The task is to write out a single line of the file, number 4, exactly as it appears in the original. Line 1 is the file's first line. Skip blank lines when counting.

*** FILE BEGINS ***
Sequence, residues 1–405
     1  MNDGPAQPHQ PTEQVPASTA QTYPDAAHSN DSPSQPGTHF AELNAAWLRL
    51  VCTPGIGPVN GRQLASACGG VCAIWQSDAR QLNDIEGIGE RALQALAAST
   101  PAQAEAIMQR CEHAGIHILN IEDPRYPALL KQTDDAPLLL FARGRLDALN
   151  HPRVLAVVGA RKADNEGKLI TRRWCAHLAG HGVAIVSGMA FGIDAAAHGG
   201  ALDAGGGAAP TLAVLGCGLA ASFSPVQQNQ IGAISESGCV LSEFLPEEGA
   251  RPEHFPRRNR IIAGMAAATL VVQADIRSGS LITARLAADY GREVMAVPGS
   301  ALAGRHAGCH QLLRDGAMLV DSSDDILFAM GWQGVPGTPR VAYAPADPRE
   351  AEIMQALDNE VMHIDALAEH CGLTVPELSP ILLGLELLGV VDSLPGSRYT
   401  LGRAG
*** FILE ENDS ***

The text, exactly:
   101  PAQAEAIMQR CEHAGIHILN IEDPRYPALL KQTDDAPLLL FARGRLDALN